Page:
On the 10th anniversary of his MLB debut, let’s appreciate David Wright


Today is the 10th anniversary of David Wright’s big-league debut with the Mets, which came on July 21, 2004.

Wright is having a poor season, at least for his lofty standards, but he’s been a helluva player since basically Day 1 and my perception is that he’s one of the most underrated stars in baseball because so much of the focus on his performance is based on the Mets struggling to emerge as contenders for most of his career.

Yet in the middle of his age-31 season he’s already made seven All-Star teams, won a pair of Gold Glove awards, finished among the top-10 vote-getters in MVP balloting four times, and hit an even .300 with an .879 OPS, 230 homers, 187 stolen bases, and 1,660 hits.

To put all of that into some context, here’s how Wright ranks among the all-time leaders in Wins Above Replacement by third basemen through age 31:

Eddie Mathews     81.7
Mike Schmidt      66.6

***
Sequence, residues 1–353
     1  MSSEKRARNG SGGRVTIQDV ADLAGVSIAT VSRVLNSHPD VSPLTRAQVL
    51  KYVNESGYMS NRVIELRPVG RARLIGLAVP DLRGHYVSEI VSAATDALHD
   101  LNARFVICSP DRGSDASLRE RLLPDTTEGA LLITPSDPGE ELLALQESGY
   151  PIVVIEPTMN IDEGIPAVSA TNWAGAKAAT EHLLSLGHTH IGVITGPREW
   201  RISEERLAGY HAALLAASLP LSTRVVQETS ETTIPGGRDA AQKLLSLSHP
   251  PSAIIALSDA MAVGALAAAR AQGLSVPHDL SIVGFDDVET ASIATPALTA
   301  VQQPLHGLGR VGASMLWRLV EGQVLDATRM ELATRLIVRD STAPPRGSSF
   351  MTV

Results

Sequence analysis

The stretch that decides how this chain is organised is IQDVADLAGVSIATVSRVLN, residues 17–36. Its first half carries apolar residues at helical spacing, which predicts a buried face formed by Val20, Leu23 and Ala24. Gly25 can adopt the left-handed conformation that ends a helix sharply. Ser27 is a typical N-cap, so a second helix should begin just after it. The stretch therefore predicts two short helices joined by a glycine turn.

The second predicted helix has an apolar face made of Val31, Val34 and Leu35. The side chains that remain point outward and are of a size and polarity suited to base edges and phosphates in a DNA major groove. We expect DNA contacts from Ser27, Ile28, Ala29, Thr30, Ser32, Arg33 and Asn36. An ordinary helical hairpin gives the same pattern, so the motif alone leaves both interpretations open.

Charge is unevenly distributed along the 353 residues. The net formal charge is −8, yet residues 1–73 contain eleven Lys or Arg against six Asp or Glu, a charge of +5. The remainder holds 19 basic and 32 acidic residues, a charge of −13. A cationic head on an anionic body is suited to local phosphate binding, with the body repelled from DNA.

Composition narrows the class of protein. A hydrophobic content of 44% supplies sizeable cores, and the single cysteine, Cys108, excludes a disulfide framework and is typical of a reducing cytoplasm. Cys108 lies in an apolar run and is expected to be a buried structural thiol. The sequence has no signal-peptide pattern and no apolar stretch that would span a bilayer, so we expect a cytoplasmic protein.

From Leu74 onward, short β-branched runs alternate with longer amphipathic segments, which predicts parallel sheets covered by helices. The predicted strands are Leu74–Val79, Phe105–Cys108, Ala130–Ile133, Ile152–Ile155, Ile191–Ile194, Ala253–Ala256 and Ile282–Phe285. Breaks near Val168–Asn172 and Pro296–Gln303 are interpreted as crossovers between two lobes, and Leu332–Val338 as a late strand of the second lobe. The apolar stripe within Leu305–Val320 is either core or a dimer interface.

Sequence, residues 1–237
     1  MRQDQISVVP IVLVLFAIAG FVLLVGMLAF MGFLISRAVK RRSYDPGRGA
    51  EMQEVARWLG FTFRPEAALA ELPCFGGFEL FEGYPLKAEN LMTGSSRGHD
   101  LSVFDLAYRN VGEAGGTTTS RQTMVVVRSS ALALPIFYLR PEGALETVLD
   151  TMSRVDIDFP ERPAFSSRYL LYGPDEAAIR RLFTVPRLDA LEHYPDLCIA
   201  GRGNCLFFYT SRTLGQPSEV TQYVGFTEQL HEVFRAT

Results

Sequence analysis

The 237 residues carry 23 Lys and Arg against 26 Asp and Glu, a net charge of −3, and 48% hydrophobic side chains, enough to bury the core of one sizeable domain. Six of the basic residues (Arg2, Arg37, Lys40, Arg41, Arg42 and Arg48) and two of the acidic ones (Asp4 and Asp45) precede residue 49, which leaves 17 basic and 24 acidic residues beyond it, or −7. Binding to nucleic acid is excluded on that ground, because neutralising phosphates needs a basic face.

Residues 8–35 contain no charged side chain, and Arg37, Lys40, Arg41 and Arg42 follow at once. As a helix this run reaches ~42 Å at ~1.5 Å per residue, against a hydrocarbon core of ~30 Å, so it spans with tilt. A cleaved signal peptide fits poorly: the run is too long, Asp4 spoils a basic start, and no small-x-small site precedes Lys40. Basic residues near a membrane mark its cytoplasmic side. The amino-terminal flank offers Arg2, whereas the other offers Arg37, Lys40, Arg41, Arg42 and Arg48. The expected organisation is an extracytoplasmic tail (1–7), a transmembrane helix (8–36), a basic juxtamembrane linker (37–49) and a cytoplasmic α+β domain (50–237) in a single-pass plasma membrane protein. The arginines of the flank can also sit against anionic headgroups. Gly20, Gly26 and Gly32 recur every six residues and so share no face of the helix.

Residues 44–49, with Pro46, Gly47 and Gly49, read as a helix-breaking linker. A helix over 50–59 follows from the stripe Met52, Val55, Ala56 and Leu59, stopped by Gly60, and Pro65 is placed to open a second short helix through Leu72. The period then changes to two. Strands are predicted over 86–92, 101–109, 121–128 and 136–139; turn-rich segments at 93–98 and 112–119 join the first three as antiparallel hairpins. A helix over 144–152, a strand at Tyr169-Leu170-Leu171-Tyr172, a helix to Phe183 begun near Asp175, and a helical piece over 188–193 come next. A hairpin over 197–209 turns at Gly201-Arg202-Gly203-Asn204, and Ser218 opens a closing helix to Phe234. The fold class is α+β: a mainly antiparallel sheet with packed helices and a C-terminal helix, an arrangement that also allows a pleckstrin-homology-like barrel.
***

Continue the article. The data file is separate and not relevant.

Ron Santo         64.8
George Brett      61.9
Wade Boggs        59.9
Buddy Bell        54.3
Scott Rolen       53.2
Adrian Beltre     52.3
Brooks Robinson   51.2
Home Run Baker    50.4
DAVID WRIGHT      49.1
Chipper Jones     48.5

He’ll need to stay healthy and get back to his pre-2014 production to have a Hall of Fame career, but Wright is among the dozen best third basemen in MLB history through age 31 and he’s certainly on a Hall of Fame path 10 years in.

Henderson Alvarez signs with Tigres de Quintana Roo

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Free agent right-hander Henderson Alvarez signed a deal with the Tigres de Quintana Roo of the Mexican Baseball League earlier this week,¬†FanRag Sports’ Jon Heyman¬†reported Friday. The righty wasn’t necessarily too fringey a player to hack it in the big leagues, but there were no MLB takers in attendance during his showcase in Venezuela last month and he clearly felt it best to try his luck elsewhere.

The 27-year-old’s last major league gig came with the Phillies, for whom he delivered a 4.30 ERA, 6.8 BB/9 and 3.7 SO/9 over 14 2/3 innings in 2017. While he’s not too far removed from his first and only All-Star bid in 2014, he was besieged by shoulder issues in 2015 and 2016 and underwent season-ending surgeries as a result.

That added injury risk, coupled with the fact that he hasn’t pitched more than 22 innings in a single season since 2014, may have been too much for major league teams to take on this spring. Assuming he steers clear of further injuries, however, a return to the majors may not be entirely out of the question in years to come.